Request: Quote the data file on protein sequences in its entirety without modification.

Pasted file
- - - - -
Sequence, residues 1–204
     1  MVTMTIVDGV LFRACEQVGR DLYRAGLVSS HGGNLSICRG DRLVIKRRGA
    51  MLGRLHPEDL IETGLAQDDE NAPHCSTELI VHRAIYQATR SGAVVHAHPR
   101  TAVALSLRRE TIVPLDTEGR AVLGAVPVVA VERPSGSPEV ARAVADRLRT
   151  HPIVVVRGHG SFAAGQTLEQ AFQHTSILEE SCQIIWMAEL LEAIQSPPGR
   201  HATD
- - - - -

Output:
Sequence, residues 1–204
     1  MVTMTIVDGV LFRACEQVGR DLYRAGLVSS HGGNLSICRG DRLVIKRRGA
    51  MLGRLHPEDL IETGLAQDDE NAPHCSTELI VHRAIYQATR SGAVVHAHPR
   101  TAVALSLRRE TIVPLDTEGR AVLGAVPVVA VERPSGSPEV ARAVADRLRT
   151  HPIVVVRGHG SFAAGQTLEQ AFQHTSILEE SCQIIWMAEL LEAIQSPPGR
   201  HATD